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Missing airliner not located--Indonesian officials
Published in Saudi Press Agency on 02 - 01 - 2007


The fate of an
Indonesian airliner missing with 102 people on board remained
in doubt late on Tuesday after senior officials apologised for
erroneously stating that its wreckage had been found, according to Reuters.
Officials had earlier said what was left of the plane, a
Boeing 737-400 operated by budget carrier Adam Air, had been
located in the mountains of Sulawesi island where it had
crashed in heavy rain. Reports said 12 people had survived the
crash.
"The location has not been found. We apologise that the
news that we conveyed was not true," First Air Marshal Eddy
Suyanto, commander of Hasanuddin air base in Makassar, told
reporters.
"It's not true that the crash location has been found,"
Transport Minister Hatta Radjasa told the same news conference,
held less than an hour after another in which he had talked
about difficulties in reaching what was thought to be the site.
"We found nothing when we arrived at the location," Suyanto
added.
The plane lost contact with the ground on Monday about an
hour before it was due to land in Manado in North Sulawesi, the
transport ministry said.
The plane was carrying 96 passengers and six crew. A copy
of its manifest showed three passengers as non-Indonesians. The
United States embassy in Jakarta said they were Americans.
The plane went missing just two days after a ferry carrying
more than 600 people sank in bad weather off the main island of
Java. At least 200 were saved and rescuers were still finding
survivors on Tuesday, but some 400 were still unaccounted for.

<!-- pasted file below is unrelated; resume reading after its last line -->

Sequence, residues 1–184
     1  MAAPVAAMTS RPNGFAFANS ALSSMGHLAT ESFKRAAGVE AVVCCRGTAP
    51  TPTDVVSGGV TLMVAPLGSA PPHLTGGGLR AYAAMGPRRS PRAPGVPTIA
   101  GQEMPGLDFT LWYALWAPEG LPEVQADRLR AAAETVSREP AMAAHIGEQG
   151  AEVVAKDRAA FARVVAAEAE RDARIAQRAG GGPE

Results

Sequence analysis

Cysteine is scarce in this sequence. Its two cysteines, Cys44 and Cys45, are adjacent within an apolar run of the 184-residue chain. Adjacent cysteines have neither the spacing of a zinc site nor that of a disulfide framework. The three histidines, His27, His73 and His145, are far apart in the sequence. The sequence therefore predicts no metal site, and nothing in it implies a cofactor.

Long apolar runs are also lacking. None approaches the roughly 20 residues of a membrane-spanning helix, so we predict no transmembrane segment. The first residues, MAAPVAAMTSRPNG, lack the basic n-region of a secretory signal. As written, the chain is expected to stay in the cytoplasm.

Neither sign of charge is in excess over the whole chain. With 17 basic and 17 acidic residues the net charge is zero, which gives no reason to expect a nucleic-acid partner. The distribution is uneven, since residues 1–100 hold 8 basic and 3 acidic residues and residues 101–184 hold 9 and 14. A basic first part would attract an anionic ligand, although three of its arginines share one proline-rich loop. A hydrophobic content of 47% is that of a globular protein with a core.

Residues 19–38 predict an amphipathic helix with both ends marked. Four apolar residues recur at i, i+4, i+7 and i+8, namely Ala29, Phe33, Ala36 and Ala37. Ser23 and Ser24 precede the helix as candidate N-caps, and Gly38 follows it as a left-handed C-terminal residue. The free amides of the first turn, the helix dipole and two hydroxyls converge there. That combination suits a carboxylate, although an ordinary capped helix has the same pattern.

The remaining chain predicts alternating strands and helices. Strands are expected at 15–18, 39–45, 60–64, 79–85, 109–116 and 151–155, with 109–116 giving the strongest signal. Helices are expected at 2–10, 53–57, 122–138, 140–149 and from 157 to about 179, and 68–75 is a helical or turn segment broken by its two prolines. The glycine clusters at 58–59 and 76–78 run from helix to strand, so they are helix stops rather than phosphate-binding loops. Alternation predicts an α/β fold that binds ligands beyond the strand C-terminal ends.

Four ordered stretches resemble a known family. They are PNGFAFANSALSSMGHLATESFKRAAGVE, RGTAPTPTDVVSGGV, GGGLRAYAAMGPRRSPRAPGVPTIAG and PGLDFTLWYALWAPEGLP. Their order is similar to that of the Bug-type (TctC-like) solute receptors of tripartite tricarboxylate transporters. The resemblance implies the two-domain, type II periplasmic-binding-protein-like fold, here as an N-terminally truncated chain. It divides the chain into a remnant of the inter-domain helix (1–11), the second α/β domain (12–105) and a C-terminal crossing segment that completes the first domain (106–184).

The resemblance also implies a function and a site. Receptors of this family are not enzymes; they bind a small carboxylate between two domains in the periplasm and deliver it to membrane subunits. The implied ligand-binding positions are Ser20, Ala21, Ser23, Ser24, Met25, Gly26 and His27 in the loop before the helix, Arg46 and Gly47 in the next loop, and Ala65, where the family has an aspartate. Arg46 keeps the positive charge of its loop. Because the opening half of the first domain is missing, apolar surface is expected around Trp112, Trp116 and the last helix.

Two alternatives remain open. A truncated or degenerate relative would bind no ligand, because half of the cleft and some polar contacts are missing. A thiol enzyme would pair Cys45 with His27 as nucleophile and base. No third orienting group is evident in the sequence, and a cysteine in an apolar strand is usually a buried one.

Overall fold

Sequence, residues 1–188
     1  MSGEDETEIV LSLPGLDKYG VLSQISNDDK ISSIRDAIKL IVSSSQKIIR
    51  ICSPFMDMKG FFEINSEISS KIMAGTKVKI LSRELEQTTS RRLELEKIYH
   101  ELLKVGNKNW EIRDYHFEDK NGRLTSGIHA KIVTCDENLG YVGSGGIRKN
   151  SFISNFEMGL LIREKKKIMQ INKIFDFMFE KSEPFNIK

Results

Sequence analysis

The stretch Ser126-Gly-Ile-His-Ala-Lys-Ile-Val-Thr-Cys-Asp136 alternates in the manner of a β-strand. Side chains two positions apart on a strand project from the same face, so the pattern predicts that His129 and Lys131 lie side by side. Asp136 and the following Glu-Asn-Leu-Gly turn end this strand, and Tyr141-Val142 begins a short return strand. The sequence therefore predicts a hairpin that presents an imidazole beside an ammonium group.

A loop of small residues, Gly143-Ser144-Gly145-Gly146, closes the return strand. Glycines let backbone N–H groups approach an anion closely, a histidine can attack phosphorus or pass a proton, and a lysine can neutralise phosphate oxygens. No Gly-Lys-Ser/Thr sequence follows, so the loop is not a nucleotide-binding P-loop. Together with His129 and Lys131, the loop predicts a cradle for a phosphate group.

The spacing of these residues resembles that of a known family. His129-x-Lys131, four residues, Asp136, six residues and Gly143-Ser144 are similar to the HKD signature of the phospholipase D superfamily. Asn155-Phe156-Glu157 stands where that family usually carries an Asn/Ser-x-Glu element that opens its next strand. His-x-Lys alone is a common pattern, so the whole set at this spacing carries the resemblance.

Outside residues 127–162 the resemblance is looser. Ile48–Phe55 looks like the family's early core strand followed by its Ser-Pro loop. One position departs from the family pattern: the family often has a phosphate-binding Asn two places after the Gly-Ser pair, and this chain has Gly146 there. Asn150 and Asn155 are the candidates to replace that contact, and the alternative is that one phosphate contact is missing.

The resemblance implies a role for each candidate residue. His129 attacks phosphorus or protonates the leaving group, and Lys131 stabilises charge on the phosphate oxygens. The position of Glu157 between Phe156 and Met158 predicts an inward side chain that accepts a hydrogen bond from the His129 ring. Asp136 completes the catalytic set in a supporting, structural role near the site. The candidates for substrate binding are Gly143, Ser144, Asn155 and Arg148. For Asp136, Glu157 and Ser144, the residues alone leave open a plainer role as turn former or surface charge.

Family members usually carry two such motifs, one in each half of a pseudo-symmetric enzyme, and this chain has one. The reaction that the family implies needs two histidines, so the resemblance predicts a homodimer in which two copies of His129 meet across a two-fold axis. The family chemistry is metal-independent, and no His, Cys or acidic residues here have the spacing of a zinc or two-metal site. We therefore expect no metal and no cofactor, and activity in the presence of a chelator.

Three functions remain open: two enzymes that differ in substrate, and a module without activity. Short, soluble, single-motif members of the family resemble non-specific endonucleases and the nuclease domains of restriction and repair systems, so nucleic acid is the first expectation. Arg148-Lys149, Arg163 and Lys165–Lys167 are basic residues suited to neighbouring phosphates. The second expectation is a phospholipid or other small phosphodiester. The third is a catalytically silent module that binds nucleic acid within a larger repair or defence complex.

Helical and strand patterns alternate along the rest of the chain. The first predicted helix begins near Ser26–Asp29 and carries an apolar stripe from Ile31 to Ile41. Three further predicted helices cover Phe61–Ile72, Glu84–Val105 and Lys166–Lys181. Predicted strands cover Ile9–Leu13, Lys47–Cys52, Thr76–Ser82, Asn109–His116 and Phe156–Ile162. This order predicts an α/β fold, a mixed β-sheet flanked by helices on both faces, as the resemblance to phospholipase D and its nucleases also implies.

CONFUSION
Suyanto had earlier told Radio Elshinta an air force plane
had spotted the wreckage of the Boeing, and a spokesman for
Adam Air said 12 people had survived and would be evacuated.
In another twist, transport minister Radjasa had already
cast doubt on the survivors' report, saying it was based on
comments from villagers and could not be confirmed.
Relatives of passengers anxiously awaiting news in Makassar
reacted to the new developments with shock and dismay.
"It was said that the search and rescue team had seen the
aircraft. We are confused whom we should trust," Toni Toliu,
48, from Manado told Reuters. His sister and her two children
were on the plane.
Sopiana de Fretes, 49, related to an army official on the
plane, said: "Since I got here, the news has been conflicting.
It's like we don't get the news that we are supposed to get."
Officials said the search would now continue at other
sites, concentrating in areas of western Sulawesi from where
distress signals had been picked up on Monday before contact
with the plane was lost.
Searchers face bad weather conditions and rough, jungle
terrain.
A spokesman for Indonesian President Susilo Bambang
Yudhoyono had issued a statement in Jakarta, shortly before
news broke that the plane had not been found, saying the
president wanted a full investigation into what went wrong.
"The president orders the transportation minister to
evaluate and investigate this accident. The president also
asked for an evaluation and investigation on the airworthiness
of the plane and standard procedure on airplane operations,"
the statement said.
Thus far transport officials have insisted the Boeing was
airworthy and had no record of trouble.
The transport ministry said it had last evaluated the plane
in December 2005, when it had passed all service checks. The
17-year-old aircraft was due to be checked again in late
January.
The Boeing had 45,371 flying hours and, according to Adam
Air, was powered by General Electric CFM56-3C1 engines.
Air travel in Indonesia, home to 220 million people, has
grown substantially since the liberalisation of the airline
industry after the Asian financial crisis in the late 1990s,
which enabled privately owned budget airlines to operate.
Adam Air was established in 2002 by Agung Laksono, speaker
of Indonesia's parliament and chairman of the company, and
Sandra Ang. It began operations on Dec. 19, 2003.
(With additional reporting by Muklis Ali, Achmad Sukarsono,
Mita Valina Liem and Muara Makarim in JAKARTA)


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